Around the County

A quiet revolution in the workforce

By Pat Stuart
Posted 9/26/23

Along with all the other things that are changing in this rapidly changing world, so is the nature of the workforce. It’s in response to the refrains heard over and over, like:

“No …

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Around the County

A quiet revolution in the workforce


Along with all the other things that are changing in this rapidly changing world, so is the nature of the workforce. It’s in response to the refrains heard over and over, like:

“No one wants to work, anymore.”

“I can’t find anyone to do the job.”

“I’m going to have to close because ... “

We’ve heard the reasons why, too. “Young people just don’t want to work,” is probably the most common along with, “They’d rather collect welfare.”

All those people are lumped into the “Great Retirement” category. Fifty million people quit their jobs in 2022. Worse ... seeking higher salaries, more benefits, compatible work, and a list of other criteria, people of “working” age just aren’t taking jobs on offer. Whether they want to work or not, they aren’t.

It’s not just because Covid took so many people out of the workforce or because younger people don’t want to work. Numbers of factors have been at work creating the shortage of workers. One is young people pursuing more education rather than working. Another is shifting demographics with lower fertility rates, slowing population growth, and a growing percentage of healthy people aged 60-90 who employers pushed out of the workforce. 

The prognosis would not look particularly good if that was all there was to it. In fact, businesses have been closing. We’ve seen it here.  Even employers who’ve offered higher and higher salaries are still getting no takers.

But the calvary is on the horizon. Rescue is taking the most unlikely form, coming from the most discriminated part of the previous workforce — the older employees of all colors and gender. 

Hiring older workers to fill vacancies is a new trend and, as such, it’s way too soon to see how significant it will prove in either a cultural or economic sense. But there’s no question. It’s happening. Many of the employers who passed over their older employees in past years, pushing them out the door before their benefits kicked in, are now actively trying to get those same people back and find others like them.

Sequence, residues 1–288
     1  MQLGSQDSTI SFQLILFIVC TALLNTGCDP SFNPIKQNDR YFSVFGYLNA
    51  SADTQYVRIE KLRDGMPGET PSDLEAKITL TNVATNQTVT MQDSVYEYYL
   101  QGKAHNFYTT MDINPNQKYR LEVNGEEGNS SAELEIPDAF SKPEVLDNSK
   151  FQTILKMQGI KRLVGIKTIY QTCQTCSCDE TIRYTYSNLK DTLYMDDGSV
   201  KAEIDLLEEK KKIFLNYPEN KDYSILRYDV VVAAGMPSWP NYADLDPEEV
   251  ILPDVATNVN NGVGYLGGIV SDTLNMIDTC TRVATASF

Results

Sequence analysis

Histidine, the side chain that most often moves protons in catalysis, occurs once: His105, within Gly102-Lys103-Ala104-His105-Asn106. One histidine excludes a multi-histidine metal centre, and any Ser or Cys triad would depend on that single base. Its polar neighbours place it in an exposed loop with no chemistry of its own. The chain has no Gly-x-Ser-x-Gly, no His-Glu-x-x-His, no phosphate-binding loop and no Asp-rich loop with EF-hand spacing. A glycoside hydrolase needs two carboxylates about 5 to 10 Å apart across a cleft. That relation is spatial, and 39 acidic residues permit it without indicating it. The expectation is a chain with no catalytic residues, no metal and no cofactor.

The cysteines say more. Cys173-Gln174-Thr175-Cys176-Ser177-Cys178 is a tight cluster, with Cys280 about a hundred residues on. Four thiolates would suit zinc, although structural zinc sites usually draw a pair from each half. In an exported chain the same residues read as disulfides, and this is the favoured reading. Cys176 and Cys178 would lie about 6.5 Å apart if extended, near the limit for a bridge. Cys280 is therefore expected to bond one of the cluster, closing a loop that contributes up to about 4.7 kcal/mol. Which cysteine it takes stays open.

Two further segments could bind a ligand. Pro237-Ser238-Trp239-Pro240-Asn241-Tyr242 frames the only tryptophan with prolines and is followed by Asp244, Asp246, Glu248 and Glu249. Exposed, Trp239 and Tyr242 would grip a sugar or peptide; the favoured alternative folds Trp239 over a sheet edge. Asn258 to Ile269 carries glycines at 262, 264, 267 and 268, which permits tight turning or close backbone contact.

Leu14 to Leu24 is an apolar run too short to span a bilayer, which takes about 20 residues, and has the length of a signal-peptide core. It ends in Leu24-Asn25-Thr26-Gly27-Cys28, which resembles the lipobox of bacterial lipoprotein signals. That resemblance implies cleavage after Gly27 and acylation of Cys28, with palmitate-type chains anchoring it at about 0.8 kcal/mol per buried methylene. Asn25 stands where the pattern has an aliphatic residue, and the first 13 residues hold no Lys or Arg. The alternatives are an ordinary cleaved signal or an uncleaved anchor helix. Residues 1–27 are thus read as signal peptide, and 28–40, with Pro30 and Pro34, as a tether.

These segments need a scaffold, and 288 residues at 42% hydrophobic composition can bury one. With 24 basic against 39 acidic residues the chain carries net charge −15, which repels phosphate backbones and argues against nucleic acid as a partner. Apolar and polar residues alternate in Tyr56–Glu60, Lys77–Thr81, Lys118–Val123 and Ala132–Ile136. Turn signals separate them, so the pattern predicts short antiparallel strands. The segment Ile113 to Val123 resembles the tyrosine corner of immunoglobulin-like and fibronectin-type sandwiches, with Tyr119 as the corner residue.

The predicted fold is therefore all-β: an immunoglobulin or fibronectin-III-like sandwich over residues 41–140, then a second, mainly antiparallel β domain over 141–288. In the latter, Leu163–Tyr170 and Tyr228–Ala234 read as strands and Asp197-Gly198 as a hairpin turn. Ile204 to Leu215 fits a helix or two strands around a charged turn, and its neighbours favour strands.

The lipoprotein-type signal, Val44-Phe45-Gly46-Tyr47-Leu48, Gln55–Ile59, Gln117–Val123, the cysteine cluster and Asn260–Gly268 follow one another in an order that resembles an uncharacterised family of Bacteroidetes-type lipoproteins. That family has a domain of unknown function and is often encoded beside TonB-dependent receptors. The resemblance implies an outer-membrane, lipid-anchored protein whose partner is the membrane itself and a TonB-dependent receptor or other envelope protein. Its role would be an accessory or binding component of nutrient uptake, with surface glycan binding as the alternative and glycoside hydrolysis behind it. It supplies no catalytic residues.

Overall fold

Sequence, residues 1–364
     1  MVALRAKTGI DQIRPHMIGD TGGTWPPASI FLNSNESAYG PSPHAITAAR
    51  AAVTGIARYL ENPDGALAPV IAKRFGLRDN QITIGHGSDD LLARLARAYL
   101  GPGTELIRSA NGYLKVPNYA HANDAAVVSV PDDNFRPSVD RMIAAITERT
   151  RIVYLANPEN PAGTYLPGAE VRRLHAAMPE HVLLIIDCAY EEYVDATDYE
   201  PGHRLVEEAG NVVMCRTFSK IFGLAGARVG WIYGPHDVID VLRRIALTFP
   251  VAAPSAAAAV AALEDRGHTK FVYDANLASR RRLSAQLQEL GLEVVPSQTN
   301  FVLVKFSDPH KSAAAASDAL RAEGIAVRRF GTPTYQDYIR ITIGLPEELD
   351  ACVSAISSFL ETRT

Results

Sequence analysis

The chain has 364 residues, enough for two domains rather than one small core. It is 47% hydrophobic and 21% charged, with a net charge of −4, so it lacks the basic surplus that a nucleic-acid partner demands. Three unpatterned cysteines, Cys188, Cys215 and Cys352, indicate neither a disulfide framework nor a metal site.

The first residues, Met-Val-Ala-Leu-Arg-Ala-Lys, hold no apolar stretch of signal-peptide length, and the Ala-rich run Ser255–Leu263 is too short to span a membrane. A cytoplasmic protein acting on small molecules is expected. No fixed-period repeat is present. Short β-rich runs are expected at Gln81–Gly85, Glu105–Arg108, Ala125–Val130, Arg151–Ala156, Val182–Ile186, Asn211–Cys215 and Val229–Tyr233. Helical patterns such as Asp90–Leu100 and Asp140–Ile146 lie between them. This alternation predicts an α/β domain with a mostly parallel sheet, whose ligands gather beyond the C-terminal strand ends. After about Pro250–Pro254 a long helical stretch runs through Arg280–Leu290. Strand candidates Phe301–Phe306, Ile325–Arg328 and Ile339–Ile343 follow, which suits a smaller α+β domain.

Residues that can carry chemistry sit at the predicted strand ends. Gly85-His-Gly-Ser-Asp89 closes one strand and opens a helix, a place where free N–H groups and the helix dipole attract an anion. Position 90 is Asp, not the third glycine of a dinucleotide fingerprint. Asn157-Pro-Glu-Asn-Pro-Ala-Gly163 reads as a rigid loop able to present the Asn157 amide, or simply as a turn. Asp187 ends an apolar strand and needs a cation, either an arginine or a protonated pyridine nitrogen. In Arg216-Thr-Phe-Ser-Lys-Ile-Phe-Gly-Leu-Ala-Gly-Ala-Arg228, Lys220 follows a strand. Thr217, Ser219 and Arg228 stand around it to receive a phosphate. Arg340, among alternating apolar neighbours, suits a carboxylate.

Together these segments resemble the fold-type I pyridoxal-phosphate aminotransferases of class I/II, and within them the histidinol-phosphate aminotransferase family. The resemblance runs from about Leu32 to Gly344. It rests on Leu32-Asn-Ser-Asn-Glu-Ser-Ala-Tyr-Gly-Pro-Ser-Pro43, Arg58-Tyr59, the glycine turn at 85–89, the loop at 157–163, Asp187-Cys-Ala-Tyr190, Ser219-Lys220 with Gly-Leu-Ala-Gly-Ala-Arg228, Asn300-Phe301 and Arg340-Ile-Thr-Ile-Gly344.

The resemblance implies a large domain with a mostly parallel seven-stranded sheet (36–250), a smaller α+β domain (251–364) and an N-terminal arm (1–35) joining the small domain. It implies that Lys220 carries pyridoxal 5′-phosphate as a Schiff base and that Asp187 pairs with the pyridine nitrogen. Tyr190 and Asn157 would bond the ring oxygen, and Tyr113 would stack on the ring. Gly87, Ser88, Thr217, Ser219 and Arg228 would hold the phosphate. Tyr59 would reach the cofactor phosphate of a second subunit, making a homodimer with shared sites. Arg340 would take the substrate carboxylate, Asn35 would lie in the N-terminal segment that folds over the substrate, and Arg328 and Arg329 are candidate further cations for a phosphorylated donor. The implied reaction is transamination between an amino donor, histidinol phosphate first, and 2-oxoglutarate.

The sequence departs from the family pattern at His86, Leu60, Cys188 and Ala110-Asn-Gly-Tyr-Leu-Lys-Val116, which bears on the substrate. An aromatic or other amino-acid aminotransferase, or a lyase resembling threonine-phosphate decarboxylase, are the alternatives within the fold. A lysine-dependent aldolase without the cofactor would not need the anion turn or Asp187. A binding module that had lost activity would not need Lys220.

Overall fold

This is a huge shift in thinking, one so new it’s difficult to assess the ultimate impact. A year ago we lived in a culture where “ageism” (discrimination based on age) was a major dynamic in the workforce. The thinking was: workers lose it after they pass middle age. They slow down. They no longer try. Their future is limited. Employers believed younger workers were more effective and “the future.”

In 2021, an AARP survey found that 78% of people aged 40-65 had either seen or personally experienced age discrimination in the workplace. Another survey of 800 hiring managers across the United States found that 38% of them admitted to reviewing applications with age bias.

At the same time, with workers leaving their jobs, the U.S. had major job losses. Statistics vary depending on how you count and what you count, but the bottom line was applications dried up. Where an office could expect a dozen or more responses to a job opening pre-Covid, the post-Covid experience was to get none or a few.

Something had to give and, it turns out, the something is a change in optic among management and HR departments. Need, it seems, can provide a huge incentive to find value where it previously didn’t exist. Older is now better?

The result is potentially huge. By 2030, experts predict that 150 million jobs will shift to people 55 and older. And, while we’re looking at interesting statistics, over the last two decades, the share of the workforce aged 55 or older almost doubled. By 2028, over a quarter of the workforce will be aged 55 or older. That’s just plain demographics.

No wonder employees have turned their attention to factors they once ignored — the value of experience and strong skillsets, fewer outside demands on time, a willingness to remain in one place rather than jump from job to job, an overall higher level of reliability. 

Sounds good for the older worker? Maybe. All of that said, employers still vastly prefer younger workers, saying in surveys, for example, that given equal qualifications they would hire the 30-year-old rather than even a 45-year-old. 

But it’s early days. We’ll have to wait and see how this plays out.